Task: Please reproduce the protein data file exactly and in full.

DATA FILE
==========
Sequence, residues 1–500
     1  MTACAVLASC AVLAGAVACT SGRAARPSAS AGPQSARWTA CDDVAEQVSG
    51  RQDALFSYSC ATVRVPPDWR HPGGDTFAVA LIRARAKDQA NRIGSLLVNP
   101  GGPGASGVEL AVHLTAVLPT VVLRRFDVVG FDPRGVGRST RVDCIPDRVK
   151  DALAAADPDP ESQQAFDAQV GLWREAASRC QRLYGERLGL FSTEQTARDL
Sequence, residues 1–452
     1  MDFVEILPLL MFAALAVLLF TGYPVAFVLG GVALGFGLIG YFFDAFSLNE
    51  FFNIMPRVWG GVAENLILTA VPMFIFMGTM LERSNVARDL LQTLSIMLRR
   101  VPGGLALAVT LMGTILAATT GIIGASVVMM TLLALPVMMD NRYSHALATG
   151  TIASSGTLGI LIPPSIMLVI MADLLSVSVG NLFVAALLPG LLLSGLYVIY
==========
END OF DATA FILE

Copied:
Sequence, residues 1–500
     1  MTACAVLASC AVLAGAVACT SGRAARPSAS AGPQSARWTA CDDVAEQVSG
    51  RQDALFSYSC ATVRVPPDWR HPGGDTFAVA LIRARAKDQA NRIGSLLVNP
   101  GGPGASGVEL AVHLTAVLPT VVLRRFDVVG FDPRGVGRST RVDCIPDRVK
   151  DALAAADPDP ESQQAFDAQV GLWREAASRC QRLYGERLGL FSTEQTARDL
Sequence, residues 1–452
     1  MDFVEILPLL MFAALAVLLF TGYPVAFVLG GVALGFGLIG YFFDAFSLNE
    51  FFNIMPRVWG GVAENLILTA VPMFIFMGTM LERSNVARDL LQTLSIMLRR
   101  VPGGLALAVT LMGTILAATT GIIGASVVMM TLLALPVMMD NRYSHALATG
   151  TIASSGTLGI LIPPSIMLVI MADLLSVSVG NLFVAALLPG LLLSGLYVIY